Jobs speaks about transplant, champions donor bill
While Washington debated the merits of its proposed health care bill, Apple CEO Steve Jobs made a rare public appearance at a hospital in Palo Alto to champion his own cause: organ donation. Last year, Jobs received a liver transplant in Tennessee after taking a leave of absence from work for health reasons. On Friday, at a press conference held at Lucile Packard Children’s Hospital, Jobs spoke in detail about his procedure and about California’s proposed measure to help other residents on the state’s waiting list.
“This coming week is my one year anniversary,” Jobs said, smiling, to the crowd. The Mercury News covered and videotaped the conference (video embedded below), which focused on California Governor Arnold Schwarzenegger’s new legislative proposal regarding the expansion of the donor list. The bill would require the state’s Department of Motor Vehicles to add an additional field to its drivers license application regarding organ and tissue donation. Currently, the field—which asks applicants to select whether they would like to be a donor or not—is optional. In addition, it would create a “California Living Donor Registry” for kidney patients, matching them with people willing to donate a healthy kidney.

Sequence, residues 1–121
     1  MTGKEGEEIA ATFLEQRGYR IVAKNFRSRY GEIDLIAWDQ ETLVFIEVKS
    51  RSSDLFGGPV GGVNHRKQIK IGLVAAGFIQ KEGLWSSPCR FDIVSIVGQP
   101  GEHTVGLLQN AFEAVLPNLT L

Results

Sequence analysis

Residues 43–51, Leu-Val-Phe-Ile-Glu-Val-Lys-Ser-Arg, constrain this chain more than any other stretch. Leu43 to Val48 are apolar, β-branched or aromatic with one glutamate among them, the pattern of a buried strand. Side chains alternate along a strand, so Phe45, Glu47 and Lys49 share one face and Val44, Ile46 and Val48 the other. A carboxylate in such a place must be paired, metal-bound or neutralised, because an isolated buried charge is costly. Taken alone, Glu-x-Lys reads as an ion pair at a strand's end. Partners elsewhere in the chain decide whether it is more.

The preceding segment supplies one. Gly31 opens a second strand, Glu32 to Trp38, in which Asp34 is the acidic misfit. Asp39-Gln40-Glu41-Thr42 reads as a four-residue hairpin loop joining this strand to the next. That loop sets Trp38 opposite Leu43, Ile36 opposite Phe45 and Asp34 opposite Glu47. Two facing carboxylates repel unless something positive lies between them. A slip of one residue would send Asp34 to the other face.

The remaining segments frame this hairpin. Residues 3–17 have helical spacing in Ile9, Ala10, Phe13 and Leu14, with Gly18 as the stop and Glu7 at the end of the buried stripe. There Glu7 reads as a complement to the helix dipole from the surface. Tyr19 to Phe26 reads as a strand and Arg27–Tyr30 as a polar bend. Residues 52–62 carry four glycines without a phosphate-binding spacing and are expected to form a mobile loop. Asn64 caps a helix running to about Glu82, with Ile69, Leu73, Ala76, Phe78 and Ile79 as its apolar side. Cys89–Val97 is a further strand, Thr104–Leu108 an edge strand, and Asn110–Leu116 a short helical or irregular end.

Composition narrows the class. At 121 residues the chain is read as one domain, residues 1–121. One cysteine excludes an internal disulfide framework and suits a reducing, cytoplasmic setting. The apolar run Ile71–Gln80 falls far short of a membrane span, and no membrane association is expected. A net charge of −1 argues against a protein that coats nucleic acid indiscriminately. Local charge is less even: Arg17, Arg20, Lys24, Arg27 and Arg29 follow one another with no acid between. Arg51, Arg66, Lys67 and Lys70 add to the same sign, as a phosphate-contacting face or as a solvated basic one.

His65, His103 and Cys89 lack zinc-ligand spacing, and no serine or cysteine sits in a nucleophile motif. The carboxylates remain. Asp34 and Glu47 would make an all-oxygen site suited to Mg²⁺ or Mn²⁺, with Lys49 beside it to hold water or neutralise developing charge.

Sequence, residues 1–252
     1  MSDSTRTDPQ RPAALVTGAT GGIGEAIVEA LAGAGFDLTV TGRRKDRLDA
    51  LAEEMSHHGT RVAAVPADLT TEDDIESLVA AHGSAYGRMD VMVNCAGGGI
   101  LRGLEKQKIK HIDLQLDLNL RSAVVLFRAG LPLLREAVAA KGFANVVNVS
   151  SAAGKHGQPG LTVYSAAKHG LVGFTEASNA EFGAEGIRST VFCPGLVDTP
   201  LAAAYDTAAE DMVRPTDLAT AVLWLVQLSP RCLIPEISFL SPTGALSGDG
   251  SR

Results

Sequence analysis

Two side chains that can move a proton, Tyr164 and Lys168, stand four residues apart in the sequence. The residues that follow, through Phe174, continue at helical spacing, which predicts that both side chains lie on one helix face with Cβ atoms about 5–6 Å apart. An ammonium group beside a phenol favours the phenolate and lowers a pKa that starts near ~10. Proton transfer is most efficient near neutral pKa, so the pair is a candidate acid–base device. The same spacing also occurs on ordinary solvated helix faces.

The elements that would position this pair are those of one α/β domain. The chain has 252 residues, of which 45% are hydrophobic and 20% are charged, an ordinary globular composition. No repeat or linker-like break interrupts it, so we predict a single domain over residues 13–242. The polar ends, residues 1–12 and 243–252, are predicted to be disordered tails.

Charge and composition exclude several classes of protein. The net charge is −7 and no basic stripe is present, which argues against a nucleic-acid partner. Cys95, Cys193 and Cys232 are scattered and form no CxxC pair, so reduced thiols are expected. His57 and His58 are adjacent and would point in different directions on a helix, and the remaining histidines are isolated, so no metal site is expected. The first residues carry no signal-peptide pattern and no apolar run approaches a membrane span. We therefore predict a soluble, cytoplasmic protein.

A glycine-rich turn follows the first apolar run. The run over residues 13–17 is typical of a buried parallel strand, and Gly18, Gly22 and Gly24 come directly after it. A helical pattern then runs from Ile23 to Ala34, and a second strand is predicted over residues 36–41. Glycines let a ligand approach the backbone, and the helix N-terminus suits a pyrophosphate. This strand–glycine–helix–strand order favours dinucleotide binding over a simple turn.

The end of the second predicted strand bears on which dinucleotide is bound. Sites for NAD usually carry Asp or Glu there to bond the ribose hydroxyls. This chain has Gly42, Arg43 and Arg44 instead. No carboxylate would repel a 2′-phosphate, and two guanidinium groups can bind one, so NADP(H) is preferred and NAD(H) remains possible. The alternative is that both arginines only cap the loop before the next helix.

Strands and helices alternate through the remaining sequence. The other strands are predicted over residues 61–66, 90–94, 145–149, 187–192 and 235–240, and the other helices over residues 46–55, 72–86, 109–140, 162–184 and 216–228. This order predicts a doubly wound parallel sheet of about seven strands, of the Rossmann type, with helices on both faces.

Jobs spoke briefly about his own experience on the transfer list, stating “there were simply not enough livers in California to go around, and my doctors here [at Stanford] advised me to enroll in a transplant program in Memphis, where the supply-demand ratio of livers is more favorable than it is in California.” According to Jobs, more than 3400 people in the Golden State needed an organ transplant last year, but a mere 671 transplants took place, and 400 people died while waiting.
The Apple CEO, according to the governor, was “instrumental” in getting the bill put together. “Because [Jobs] is a wealthy man, that helped him get the transplant,” said Governor Schwarzenegger. “But he doesn’t want that—that only wealthy people can get the transplant and have a plane waiting to take him anywhere he needs to go… everyone ought to have the right to get a transplant immediately.”
This isn’t the first time Jobs has spoken of the importance of this cause. In September of last year, during his first public appearance following the procedure, he noted that he had been the recipient of a generous organ donation from a mid-20’s person who died in a car crash, and urged the audience to become organ donors.